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Date: 1744, 1772, 1795

"What? like a storm from their capacious bed / The sounding seas o'erwhelming, when the might / Of these eruptions, working from the depth / Of man's strong apprehension, shakes his frame / Even to the base; from every naked sense / Of pain or pleasure dissipating all / Opinion's feeble coverings...

— Akenside, Mark (1720-1771)

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Date: 1744, 1772, 1795

"Moreover, from without / When oft the same society of forms / In the same order have approach'd his mind, / He deigns no more their steps with curious heed / To trace; no more their features or their garb / He now examines; but of them and their / Condition, as with some diviner's tongue, / Affi...

— Akenside, Mark (1720-1771)

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Date: 1745

"The Ideas must be cloathed in a bodily Form, to make it visible and palpable to the gross Understanding."

— Fordyce, David (bap. 1711, d. 1751)

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Date: 1747

"Since here defective, Heaven be so kind / With never-fading charms to dress my mind"

— Teft, Elizabeth (fl. 1741-7)

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Date: 1748

"But how will this dismantled soul appear,/ When stripped of all it lately held so dear,/ Forced from its prison of expiring clay, / Afraid and shivering at the doubtful way?"

— Leapor, Mary (1722-1746)

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Date: 1747-8

"Yet her charming body is not equally organized. The unequal partners pull two ways; and the divinity within her tears her silken frame."

— Richardson, Samuel (bap. 1689, d. 1761)

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Date: 1748, 1754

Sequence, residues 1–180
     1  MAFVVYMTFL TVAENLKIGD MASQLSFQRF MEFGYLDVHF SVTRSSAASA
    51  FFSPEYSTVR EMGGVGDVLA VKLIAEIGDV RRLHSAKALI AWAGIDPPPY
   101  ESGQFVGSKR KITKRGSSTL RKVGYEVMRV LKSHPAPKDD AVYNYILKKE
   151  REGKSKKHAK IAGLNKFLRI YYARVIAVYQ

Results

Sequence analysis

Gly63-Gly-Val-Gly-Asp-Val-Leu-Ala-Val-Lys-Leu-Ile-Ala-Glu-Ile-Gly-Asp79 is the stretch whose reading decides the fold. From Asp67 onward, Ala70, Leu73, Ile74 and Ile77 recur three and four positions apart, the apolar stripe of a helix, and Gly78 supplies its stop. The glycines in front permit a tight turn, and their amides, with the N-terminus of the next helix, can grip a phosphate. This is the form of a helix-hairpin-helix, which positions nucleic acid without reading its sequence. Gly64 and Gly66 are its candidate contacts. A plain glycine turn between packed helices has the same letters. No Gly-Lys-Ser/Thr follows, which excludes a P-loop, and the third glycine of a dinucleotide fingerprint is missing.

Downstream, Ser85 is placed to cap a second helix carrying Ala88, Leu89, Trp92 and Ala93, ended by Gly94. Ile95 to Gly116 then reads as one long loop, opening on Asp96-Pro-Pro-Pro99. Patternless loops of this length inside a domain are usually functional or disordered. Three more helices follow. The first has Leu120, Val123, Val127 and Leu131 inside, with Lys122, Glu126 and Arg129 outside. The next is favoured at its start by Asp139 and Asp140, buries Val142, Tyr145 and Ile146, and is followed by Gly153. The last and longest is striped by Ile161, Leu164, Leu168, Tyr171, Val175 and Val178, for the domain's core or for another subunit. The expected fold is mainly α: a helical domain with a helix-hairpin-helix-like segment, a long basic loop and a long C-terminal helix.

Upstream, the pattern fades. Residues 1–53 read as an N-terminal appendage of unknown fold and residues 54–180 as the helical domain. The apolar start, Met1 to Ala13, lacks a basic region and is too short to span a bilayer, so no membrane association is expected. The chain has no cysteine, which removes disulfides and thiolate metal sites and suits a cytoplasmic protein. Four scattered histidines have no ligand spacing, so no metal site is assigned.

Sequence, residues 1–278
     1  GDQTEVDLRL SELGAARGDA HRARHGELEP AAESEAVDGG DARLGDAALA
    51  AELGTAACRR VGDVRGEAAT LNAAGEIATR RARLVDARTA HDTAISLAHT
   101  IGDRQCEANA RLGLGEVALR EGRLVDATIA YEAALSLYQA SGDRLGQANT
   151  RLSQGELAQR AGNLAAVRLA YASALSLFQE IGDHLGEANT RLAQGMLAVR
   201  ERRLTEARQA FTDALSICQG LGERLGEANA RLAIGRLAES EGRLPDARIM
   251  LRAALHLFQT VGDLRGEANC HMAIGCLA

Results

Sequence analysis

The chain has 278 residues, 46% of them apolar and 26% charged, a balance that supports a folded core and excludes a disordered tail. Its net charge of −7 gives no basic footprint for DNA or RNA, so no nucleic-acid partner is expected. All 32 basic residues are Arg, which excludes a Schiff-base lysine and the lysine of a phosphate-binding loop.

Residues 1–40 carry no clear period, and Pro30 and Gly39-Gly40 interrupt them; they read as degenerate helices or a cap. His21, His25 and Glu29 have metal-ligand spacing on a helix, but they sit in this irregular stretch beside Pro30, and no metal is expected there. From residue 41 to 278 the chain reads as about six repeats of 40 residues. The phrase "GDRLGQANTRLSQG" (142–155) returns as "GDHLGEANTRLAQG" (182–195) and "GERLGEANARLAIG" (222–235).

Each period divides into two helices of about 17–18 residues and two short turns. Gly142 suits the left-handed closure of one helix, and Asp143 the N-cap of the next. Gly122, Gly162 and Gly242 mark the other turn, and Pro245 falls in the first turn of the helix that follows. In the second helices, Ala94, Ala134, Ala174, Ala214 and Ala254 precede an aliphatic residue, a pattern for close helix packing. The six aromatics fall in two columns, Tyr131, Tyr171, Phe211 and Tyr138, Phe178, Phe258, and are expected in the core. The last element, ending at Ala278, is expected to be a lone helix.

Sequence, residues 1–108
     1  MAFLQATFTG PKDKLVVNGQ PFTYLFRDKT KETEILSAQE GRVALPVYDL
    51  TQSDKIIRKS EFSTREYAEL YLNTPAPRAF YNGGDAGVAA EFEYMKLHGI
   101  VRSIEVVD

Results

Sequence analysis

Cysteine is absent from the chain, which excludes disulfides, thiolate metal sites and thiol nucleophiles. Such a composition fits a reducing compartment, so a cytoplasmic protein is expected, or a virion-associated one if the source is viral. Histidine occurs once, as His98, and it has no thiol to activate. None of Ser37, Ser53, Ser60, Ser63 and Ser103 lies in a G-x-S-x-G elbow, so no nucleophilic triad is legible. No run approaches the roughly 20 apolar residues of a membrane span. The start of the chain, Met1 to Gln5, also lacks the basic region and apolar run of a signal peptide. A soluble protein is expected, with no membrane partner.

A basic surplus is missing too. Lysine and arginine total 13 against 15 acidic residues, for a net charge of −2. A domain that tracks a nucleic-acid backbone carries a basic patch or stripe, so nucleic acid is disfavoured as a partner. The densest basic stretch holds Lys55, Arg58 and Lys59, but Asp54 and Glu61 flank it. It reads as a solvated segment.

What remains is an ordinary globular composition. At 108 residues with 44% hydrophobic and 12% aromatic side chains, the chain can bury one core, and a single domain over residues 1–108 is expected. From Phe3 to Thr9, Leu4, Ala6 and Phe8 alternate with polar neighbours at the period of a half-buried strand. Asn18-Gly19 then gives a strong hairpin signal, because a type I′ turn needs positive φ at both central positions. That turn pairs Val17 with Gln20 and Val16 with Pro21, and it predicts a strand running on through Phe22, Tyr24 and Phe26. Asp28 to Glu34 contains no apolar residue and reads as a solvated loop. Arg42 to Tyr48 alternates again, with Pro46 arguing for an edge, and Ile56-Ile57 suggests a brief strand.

"He, therefore, who is provided with such Armour, taken, if we may say so, from the Armory of Heaven, may be proof against the sharpest Arrows of Fortune, and defy the Impotence of human Malice; and though he cannot be secure against those Ills which are the ordinary Appendages of Man's Lot, yet ...

— Fordyce, David (bap. 1711, d. 1751)

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Date: August 12, 1738, to Nov. 1, 1739 [1748]

"Therefore the Eyes of my Understanding are not yet open'd, but the Old Veil is still upon my Heart."

— Wesley, John (1703-1791)

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Date: Saturday, November 10, 1750

"It is, indeed, at home that every man must be known by those who would make a just estimate either of his virtue or felicity; for smiles and embroidery are alike occasional, and the mind is often dressed for show in painted honour and fictitious benevolence."

— Johnson, Samuel (1709-1784)

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Date: October 20, 1752

It is bad manners for Richardson's heroines to "declare all they think [since] fig leaves are necessary for our minds as our bodies."

— Montagu, Lady Mary Wortley [née Lady Mary Pierrepont] (1689-1762)

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The Mind is a Metaphor is authored by Brad Pasanek, Assistant Professor of English, University of Virginia.